New York's $6.1 billion budget gap could put a cramp in any effort to increase spending for some of the biggest ticket items this year, like spending money on schools.

But Senate Majority Leader Andrea Stewart-Cousins, in an interview on Capital Tonight on Wednesday, said her conference would work to avoid cuts in order to fill the hole.

"We've been hearing about this deficit about the last couple of weeks," she said.

"I didn't really get that education would be this, but I think what you did hear a resolve we would find a way as we always do to provide the services, that we would keep our priorities straight and we get through whatever the difficult times are and I'm committed to doing that with my partners in government."

Education spending is second only to health care in the state budget, and Medicaid is the likely focus this year amid a $4 billion deficit for the program.

Battles over education spending and policy, of course, are fights separate and apart all their own virtually every year in the budget. The most politically sensitive for lawmakers, especially in re-election years like this one, can be over how to fund schools across the state.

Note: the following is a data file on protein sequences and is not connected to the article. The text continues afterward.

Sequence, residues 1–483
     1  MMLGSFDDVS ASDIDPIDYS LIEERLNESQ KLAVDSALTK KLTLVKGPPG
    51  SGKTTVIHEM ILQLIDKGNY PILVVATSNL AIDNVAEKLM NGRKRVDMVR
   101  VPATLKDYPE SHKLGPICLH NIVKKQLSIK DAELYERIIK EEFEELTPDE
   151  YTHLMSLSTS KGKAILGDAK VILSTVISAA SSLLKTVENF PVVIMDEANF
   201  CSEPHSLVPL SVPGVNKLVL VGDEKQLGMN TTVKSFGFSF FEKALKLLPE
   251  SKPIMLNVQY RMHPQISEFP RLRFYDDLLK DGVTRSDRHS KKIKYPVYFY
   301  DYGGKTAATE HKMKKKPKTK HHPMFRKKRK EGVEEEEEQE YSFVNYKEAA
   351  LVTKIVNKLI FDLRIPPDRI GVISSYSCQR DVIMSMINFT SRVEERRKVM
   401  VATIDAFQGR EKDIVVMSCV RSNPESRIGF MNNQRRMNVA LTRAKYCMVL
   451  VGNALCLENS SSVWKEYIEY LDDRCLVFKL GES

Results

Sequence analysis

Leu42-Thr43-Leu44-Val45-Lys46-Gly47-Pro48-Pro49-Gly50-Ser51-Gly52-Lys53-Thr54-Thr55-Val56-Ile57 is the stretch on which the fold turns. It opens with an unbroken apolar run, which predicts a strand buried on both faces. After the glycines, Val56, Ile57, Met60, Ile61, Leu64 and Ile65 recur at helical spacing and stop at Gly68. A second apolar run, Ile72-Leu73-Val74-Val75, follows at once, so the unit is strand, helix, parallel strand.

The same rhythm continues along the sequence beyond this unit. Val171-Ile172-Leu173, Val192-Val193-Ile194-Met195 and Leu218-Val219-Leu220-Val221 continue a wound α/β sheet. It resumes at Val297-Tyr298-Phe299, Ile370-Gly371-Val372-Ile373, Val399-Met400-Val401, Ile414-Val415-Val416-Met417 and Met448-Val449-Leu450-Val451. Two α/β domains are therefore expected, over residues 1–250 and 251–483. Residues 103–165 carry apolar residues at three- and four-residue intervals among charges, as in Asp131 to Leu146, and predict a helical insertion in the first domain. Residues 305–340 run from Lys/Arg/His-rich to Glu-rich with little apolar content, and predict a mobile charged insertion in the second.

Balancing direct aid with property taxes, where revenue varies widely on the local level, is a perennial concern.

Without cuts or new forms of revenue, some Democratic lawmakers are also talking about raising taxes on the wealthy to help balance the budget.

Governor Andrew Cuomo, in his State of the State address on Wednesday, called the budget gap a problem, but added that he wanted a focus placed on aiding poorer schools. He did not go into details.

"I don't know what his plan is, but I know there's always been a conversation for me and my conference that we can't have children succeed in education based on their zip code," Stewart-Cousins said in the interview.

"Clearly there are some schools that need technology, they need resources, they need books. So if we're focusing on every child has the resources they need to succeed, we will be much better."‚Äč